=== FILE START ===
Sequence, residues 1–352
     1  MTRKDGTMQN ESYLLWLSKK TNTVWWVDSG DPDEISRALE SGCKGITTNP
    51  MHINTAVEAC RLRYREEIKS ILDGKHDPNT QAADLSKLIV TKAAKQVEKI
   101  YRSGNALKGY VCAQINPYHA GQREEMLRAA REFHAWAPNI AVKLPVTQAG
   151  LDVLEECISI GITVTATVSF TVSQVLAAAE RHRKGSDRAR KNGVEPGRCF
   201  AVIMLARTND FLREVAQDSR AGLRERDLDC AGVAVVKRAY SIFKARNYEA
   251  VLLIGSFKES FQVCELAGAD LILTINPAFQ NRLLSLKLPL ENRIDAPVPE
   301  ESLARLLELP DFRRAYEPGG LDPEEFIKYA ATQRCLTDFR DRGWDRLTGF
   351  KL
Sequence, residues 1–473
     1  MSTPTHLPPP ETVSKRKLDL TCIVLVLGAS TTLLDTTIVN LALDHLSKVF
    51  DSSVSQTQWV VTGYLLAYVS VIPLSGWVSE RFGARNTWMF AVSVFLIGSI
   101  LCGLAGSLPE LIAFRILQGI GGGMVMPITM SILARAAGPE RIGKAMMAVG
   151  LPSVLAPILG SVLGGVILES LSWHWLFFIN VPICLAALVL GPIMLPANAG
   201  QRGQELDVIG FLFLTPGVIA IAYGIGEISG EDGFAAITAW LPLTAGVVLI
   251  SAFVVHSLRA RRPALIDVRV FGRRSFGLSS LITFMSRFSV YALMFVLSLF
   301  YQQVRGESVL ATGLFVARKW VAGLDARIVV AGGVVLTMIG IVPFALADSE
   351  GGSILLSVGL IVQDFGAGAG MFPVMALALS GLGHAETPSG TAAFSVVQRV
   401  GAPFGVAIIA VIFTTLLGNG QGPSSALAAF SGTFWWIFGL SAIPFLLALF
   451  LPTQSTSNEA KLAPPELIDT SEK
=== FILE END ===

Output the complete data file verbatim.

Sequence, residues 1–352
     1  MTRKDGTMQN ESYLLWLSKK TNTVWWVDSG DPDEISRALE SGCKGITTNP
    51  MHINTAVEAC RLRYREEIKS ILDGKHDPNT QAADLSKLIV TKAAKQVEKI
   101  YRSGNALKGY VCAQINPYHA GQREEMLRAA REFHAWAPNI AVKLPVTQAG
   151  LDVLEECISI GITVTATVSF TVSQVLAAAE RHRKGSDRAR KNGVEPGRCF
   201  AVIMLARTND FLREVAQDSR AGLRERDLDC AGVAVVKRAY SIFKARNYEA
   251  VLLIGSFKES FQVCELAGAD LILTINPAFQ NRLLSLKLPL ENRIDAPVPE
   301  ESLARLLELP DFRRAYEPGG LDPEEFIKYA ATQRCLTDFR DRGWDRLTGF
   351  KL
Sequence, residues 1–473
     1  MSTPTHLPPP ETVSKRKLDL TCIVLVLGAS TTLLDTTIVN LALDHLSKVF
    51  DSSVSQTQWV VTGYLLAYVS VIPLSGWVSE RFGARNTWMF AVSVFLIGSI
   101  LCGLAGSLPE LIAFRILQGI GGGMVMPITM SILARAAGPE RIGKAMMAVG
   151  LPSVLAPILG SVLGGVILES LSWHWLFFIN VPICLAALVL GPIMLPANAG
   201  QRGQELDVIG FLFLTPGVIA IAYGIGEISG EDGFAAITAW LPLTAGVVLI
   251  SAFVVHSLRA RRPALIDVRV FGRRSFGLSS LITFMSRFSV YALMFVLSLF
   301  YQQVRGESVL ATGLFVARKW VAGLDARIVV AGGVVLTMIG IVPFALADSE
   351  GGSILLSVGL IVQDFGAGAG MFPVMALALS GLGHAETPSG TAAFSVVQRV
   401  GAPFGVAIIA VIFTTLLGNG QGPSSALAAF SGTFWWIFGL SAIPFLLALF
   451  LPTQSTSNEA KLAPPELIDT SEK